A pin-file might look like this:

SRO = 8
SLO1 = 9
SLO2 = 12
MLO = 7

SRI = 0
SLI1 = 2
SLI2 = 13
MLI = 3

Morse Code

Because the protocol allows for just one bit at a time, the already optimized Morse-code seems pretty reasonable. The PiChat class-interface however accepts any policy, derived from the abstract class EncoderBase, that provides an encode() and decode() member to convert a std::string to std::vector<bool> and vice versa. 

In my implementation of the morse-encoder class (aptly named MorseEncoder), I used the standard morse-signals, where a dot (dit) is represented by a single 1, and a dash (dah) by two 1's. A dit (1) and dah (11) are refered to as units. Units are separated by a single 0, and multiple units make up a character, separated by double 0's. Multiple characters make up words, which are separated by triple 0's. For example, the message "SOS SOS" would in morse be: "...---...  ...---...". And encoded in 0's and 1's:

101010011011011001010100010101001101101100101010

To keep things simple, I only used the 26 letters of the alphabet plus 10 digits. This can of course be arbitrarily extended to whichever character set you need. Again, I will not discuss the implementation of MorseEncoder here, but its implementation is available in the archive and I'm happy to answer any questions regarding it!

Tying it Together

I guess we are about ready to finalize the project, and set up a prompt that waits for a user to input some text that he/she wants to send. However, it should also listen for incoming messages...

This calls for threads, which have been standardized in C++11. We only need 2 threads:

void PiChat::prompt()
{
    d_running = true;

    thread sendThread(&PiChat::waitForUserInput, this);
    thread receiveThread(&PiChat::waitForMessage, this);

    sendThread.join();
    receiveThread.join();
}

As you can see, the first thread (sendThread) waits for user input, which it will then try to send. The other thread (receiveThread) waits for messages from the other side. A little complication that could arise is when both users try to send a message at the same time. This is actually handled in the precode of the send() and listen() functions, which I omitted. A flag that is shared between these threads is set to indicate whether a message is being sent/received. If this is the case, the other thread will simply wait until the message-line is free again.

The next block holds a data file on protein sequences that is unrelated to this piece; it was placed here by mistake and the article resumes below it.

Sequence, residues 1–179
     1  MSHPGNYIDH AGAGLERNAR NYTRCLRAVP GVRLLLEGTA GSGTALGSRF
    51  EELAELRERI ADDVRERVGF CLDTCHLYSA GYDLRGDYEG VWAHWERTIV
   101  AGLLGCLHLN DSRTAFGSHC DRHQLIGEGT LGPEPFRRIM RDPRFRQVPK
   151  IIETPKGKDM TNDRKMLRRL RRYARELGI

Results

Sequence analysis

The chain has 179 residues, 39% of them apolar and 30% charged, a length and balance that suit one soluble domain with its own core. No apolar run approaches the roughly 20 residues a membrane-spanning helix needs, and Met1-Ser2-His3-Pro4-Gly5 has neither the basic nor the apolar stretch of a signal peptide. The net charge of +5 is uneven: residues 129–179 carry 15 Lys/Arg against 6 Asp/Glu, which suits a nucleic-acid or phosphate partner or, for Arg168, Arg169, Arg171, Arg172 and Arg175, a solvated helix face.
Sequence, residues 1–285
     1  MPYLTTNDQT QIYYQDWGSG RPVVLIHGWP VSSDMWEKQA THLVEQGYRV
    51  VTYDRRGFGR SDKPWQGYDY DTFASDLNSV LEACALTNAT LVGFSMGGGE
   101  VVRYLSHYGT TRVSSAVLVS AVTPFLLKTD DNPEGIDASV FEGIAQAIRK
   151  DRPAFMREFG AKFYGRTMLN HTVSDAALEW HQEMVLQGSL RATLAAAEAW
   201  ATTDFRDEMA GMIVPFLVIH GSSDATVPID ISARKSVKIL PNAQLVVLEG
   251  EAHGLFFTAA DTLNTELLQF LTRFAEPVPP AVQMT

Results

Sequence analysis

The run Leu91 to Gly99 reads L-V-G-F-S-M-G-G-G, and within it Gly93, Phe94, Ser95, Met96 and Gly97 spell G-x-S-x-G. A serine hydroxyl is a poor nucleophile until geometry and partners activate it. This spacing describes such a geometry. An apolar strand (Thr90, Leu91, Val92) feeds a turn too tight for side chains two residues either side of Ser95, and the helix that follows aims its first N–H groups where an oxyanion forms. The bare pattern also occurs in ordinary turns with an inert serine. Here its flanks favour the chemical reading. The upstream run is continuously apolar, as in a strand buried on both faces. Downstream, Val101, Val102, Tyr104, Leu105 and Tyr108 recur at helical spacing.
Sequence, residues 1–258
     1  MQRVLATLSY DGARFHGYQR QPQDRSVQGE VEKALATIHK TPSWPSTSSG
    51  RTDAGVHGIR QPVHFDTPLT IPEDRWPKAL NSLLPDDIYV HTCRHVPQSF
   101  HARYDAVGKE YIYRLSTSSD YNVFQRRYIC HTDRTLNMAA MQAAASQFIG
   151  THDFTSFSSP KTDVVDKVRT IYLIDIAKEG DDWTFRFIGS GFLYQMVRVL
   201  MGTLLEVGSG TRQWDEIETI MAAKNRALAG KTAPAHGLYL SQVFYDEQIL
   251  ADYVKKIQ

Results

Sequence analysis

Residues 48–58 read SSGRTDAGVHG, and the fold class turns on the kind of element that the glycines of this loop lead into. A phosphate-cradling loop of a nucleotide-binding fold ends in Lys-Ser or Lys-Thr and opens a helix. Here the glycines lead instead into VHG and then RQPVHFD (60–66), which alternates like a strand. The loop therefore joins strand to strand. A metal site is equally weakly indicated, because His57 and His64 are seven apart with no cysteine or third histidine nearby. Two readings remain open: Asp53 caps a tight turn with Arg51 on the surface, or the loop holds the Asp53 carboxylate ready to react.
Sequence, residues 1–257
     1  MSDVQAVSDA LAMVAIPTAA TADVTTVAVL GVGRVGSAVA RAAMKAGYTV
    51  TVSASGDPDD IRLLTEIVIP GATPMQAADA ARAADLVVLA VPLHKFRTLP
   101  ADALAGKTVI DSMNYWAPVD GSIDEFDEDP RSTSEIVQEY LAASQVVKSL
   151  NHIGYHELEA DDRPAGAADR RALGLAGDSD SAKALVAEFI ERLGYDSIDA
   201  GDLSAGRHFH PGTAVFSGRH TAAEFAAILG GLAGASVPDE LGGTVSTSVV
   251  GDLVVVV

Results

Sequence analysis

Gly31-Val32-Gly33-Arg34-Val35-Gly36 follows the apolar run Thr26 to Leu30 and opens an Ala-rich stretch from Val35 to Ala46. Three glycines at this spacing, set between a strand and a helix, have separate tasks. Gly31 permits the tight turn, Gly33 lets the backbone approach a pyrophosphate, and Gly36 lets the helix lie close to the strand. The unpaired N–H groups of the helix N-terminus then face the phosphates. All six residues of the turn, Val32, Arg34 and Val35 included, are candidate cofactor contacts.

Finally, the code for both threads:

void PiChat::waitForUserInput()
{
    while (true)
    {
        try
        {
            cout << ">> " << flush; 

            string message;
            getline(cin, message);
            if (cin.eof())
                break;
            else if (message.empty())
                continue;

            send(message);
        }
        catch (Exception<TimeOut> const &e)
        {
            throw; // catch in main() and terminate                                   
        }
        catch (exception const &e)
        {
            error(e.what());
        }
    }

    cout << endl;
    d_running = false;
}

void PiChat::waitForMessage()
{
    while (d_running)
    {
        while (d_running && !read(SRI)) // wait until the other starts to send 
        {}                                                                                

        if (d_running)
        {
            try
            {
                string message = listen();
                cout << "\n\t\t" << message << "\n>> " << flush;
            }
            catch (Exception<TimeOut> const &e)
            {
                 throw; // catch in main and terminate                                             
            }
            catch (exception const &e)
            {
                 error(e.what());
            }
        }
    }
}

The entire code is uploaded and available in the archive! I've compiled with both GCC 4.8 and 4.9. I know that there are issues in 4.6 because some C++11 syntactical features haven't been implemented yet in that version. A makefile is included to make life easy for you. Also, don't forget that you need to install the WiringPi library first!

 

Request

I think I'll be able to test my program on 2 Pi's pretty soon, but if anyone is going to try this out in real life by hooking up two Pi's, please let me know if it works! I know it works on just the one, and I'm pretty confident it will on two separate ones, but you never know until you know, you know?

Thanks for reading!

History

August 20, 2014: First draft

August 22 2014: Fixed some typos, uploaded images to codeproject

License

This article, along with any associated source code and files, is licensed under The Code Project Open License (CPOL)

Share

About the Author

Joren Heit
Netherlands Netherlands
No Biography provided

Comments and Discussions

 
-- There are no messages in this forum --
Article
Posted 21 Aug 2014

Stats

11.5K views
153 downloads
5 bookmarked